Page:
Dachshunds may be small, but clearly, no one has told them that. Brave and loyal, these spunky little dogs will follow you to the ends of the earth unless you plan to get there by swimming or running — two activities their short little legs make quite a challenge. Though almost nothing else stops these determined dogs, excess weight can and does. This is a breed that handles extra pounds poorly, so you'll need to keep a close eye on your pet's waistline.
What your dachshund should weigh
To determine your dachshund's ideal weight, you first need to know what kind you have. A standard dachshund is one who stands 8 to 9 inches tall upon reaching adulthood and ideally weighs between 16 and 32 pounds. Smaller dogs, standing only 5 to 6 inches high, are known as miniature dachshunds. For optimal health, a miniature dachshund weight should not exceed 11 pounds.
Miniature and standard dachshunds are part of the same breed, making it hard to predict what a puppy will grow up to be. Two miniature dachshunds can breed and produce a standard dachshund and vice versa. This makes it hard to say exactly what your puppy should weigh at any given moment. Typically, however, a 5- or 6-month-old dachshund puppy will weigh about 7 or 8 pounds.
If you don't have a scale, you can still eyeball your dog for a general idea of his condition. Your dachshund's chest bone should stick out a bit, with a small dimple on each side. His spine should visibly arch slightly behind his ribs and his waistline should be visible, tapering upward toward his back. If you see a round waist and have to poke through a layer of fat to feel your dog's ribs, he's probably overweight.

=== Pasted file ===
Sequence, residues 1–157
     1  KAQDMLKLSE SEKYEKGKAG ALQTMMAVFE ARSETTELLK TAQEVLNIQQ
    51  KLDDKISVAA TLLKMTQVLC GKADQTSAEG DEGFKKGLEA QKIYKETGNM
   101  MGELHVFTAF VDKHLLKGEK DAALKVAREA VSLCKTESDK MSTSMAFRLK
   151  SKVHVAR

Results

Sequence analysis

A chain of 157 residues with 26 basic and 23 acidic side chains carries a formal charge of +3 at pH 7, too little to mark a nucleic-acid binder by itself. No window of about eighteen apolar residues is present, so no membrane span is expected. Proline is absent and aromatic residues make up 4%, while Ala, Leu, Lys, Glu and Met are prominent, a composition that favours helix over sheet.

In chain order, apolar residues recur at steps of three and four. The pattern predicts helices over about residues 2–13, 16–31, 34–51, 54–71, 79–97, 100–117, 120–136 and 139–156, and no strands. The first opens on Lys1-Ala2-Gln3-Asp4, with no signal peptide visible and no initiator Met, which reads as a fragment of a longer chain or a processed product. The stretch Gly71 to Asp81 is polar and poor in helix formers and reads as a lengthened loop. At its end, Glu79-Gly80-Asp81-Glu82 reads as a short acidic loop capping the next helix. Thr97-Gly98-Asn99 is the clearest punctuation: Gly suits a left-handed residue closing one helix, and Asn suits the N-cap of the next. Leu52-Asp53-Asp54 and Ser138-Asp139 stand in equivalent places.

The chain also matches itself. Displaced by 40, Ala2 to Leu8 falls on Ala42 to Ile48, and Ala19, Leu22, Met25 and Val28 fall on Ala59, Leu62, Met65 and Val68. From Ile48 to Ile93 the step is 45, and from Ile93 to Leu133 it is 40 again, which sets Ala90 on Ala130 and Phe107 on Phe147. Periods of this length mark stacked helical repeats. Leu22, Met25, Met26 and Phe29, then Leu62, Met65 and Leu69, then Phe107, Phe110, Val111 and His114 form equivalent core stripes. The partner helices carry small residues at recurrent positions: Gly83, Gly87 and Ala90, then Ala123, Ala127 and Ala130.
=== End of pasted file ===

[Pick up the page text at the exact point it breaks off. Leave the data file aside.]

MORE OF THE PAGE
Why weight matters
Carrying around extra pounds isn't good for any dog, but a fat weiner dog may suffer more than other breeds. Doxies are adorable, but their extra long bodies put extra stress on their spines. A dachshund who carries too much weight is likely to suffer from slipped and ruptured discs, both of which can cause a pup a lot of pain.
Of course, overweight dachshunds are also at risk of all of the other problems associated with obesity. All overweight dogs face an increased risk of diabetes, arthritis, hypertension, heart disease, and cancer, among other things. Obese dogs live shorter lives and experience a diminished quality of life along the way.
Dealing with a fat weiner dog
It's easy to spoil your dog with treats and give in to her sad, little eyes at the dinner table, so don't be too hard on yourself if your dachshund weighs more than she should. Instead, start taking steps to correct the problem, which is absolutely reversible. Start by cutting back on the treats and eliminating table scraps completely. If you do want to offer your dog a treat, give her a green bean, baby carrot, or other healthy snacks.
To encourage weight loss, you'll generally need to feed your dog about 20 percent less food than she's getting now. You should visit your vet before making a change, however. He can tell you exactly what kind of food to feed your dog and in what quantities. Then, it's only a matter of using a measuring cup to make sure you're feeding the correct amount.
You can also help your doxie lose weight by getting the little couch potato up and moving. This small but mighty breed needs two moderately long walks a day to maintain an optimal weight and build muscle. Avoid lots of stairs during your workouts, however, as frequent trips up and down them can be difficult for this short breed.
Always check with your veterinarian before changing your pet’s diet, medication, or physical activity routines. This information is not a substitute for a vet’s opinion.